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Given $\{e_1,\cdots,e_d\}$ a basis of $V$, we have $e_1\wedge\cdots \wedge e_d$ is a non-zero vector in the exterior algebra $\Lambda_d (V)$.

Given a decomposable element which can be written as $v_1\wedge\cdots\wedge v_d$, it is the $0$ vector in $\Lambda_d (V)$ if $v_i = v_j$ for some $i,j$ between $1$ and $d$.

So in general, the finite sum of decomposable elements like above are also zero. How would I argue that $e_1\wedge\cdots \wedge e_d$ can not be written as the sum of such elements.

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    $\begingroup$ It seems difficult to get to a proof in the way you suggest. It is easier to find a $d$-linear map which is non-zero under insertion of $e_1,\dots,e_d$ (essentially the determinant). $\endgroup$ – Andreas Cap Nov 27 '16 at 9:11
  • $\begingroup$ More generally, the wedge product vanishes if and only if the $v_i$ are linearly dependent. $\endgroup$ – Ted Shifrin Nov 27 '16 at 16:31
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Assuming you know some basic properties of determinants, here's one way you can do it. Define a map $D:V^d\to k$ (where $k$ is the scalar field) by taking a $d$-tuple of vectors to the determinant of the $d\times d$ matrix formed by taking those vectors as the columns (using the basis $\{e_1,\dots,e_d\}$). The determinant of a matrix is linear in each column of the matrix, and is $0$ if two columns are the same, so $D$ is an alternating multilinear map. By the universal property of $\bigwedge^d(V)$, there is a unique linear map $\tilde{D}:\bigwedge^d(V)\to k$ such that $\tilde{D}(v_1\wedge\dots\wedge v_d)=D(v_1,\dots,v_d)$ for any $v_1,\dots,v_d\in V$. In particular, $\tilde{D}(e_1\wedge\dots\wedge e_d)=D(e_1,\dots,e_d)$. But the matrix with columns $e_1,\dots,e_d$ is just the identity matrix, so $D(e_1,\dots,e_d)=1$. Thus $\tilde{D}(e_1\wedge\dots\wedge e_d)=1\neq 0$, so $e_1\wedge\dots\wedge e_d\neq 0$.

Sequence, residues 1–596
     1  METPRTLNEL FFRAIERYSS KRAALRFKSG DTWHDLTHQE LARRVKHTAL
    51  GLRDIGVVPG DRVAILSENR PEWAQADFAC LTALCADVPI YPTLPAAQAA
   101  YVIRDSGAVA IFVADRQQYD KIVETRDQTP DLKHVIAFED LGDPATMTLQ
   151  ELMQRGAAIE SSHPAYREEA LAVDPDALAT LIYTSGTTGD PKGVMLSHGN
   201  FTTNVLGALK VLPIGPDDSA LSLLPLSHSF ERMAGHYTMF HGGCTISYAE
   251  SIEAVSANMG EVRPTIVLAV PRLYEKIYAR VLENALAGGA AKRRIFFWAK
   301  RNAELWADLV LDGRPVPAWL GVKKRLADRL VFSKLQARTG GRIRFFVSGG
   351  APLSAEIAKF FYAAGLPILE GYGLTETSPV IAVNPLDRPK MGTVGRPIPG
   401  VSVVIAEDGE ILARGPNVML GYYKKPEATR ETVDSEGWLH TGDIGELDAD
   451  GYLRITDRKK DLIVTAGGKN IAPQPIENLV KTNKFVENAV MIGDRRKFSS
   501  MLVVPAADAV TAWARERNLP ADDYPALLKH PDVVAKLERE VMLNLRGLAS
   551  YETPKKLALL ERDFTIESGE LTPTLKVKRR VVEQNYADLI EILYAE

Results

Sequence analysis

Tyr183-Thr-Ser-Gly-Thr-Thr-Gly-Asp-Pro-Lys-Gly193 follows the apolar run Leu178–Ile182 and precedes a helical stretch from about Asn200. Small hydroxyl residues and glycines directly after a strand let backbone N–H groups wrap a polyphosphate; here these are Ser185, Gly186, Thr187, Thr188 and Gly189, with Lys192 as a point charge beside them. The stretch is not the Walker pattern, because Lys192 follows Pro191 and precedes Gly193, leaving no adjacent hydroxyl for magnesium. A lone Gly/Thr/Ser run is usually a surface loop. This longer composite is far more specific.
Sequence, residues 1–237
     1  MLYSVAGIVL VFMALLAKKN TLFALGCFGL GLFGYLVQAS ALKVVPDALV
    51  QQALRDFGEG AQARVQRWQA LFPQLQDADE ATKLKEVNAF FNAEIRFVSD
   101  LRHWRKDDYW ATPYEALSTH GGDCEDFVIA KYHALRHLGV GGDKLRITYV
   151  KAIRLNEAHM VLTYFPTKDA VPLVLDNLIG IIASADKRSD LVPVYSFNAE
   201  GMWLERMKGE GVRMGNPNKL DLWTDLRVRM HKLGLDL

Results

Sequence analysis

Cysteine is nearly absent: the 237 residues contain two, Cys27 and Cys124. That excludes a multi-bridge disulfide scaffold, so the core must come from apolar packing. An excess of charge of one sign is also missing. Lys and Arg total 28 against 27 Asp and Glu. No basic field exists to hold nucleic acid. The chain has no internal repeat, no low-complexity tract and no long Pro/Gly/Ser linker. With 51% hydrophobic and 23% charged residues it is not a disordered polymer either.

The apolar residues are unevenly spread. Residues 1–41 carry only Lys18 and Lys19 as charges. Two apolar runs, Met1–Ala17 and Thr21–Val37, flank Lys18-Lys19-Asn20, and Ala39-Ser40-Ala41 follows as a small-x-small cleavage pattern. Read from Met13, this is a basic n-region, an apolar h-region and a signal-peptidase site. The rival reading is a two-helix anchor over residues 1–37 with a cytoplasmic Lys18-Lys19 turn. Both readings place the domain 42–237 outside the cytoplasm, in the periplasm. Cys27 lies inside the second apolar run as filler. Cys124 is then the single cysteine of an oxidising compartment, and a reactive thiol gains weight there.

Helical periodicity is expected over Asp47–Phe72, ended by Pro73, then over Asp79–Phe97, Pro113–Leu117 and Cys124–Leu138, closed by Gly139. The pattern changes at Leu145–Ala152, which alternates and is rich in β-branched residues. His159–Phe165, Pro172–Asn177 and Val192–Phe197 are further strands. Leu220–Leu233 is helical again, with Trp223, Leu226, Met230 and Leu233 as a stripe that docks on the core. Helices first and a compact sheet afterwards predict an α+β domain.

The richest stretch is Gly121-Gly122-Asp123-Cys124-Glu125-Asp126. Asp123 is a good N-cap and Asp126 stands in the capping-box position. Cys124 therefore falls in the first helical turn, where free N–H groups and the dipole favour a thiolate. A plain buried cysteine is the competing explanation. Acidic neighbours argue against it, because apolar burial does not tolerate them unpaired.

More generally, if you want to prove that some element of an object defined by a universal property is nonzero, the typical way to do this is to find some map which must exist by the universal property and which is nonzero on your element.

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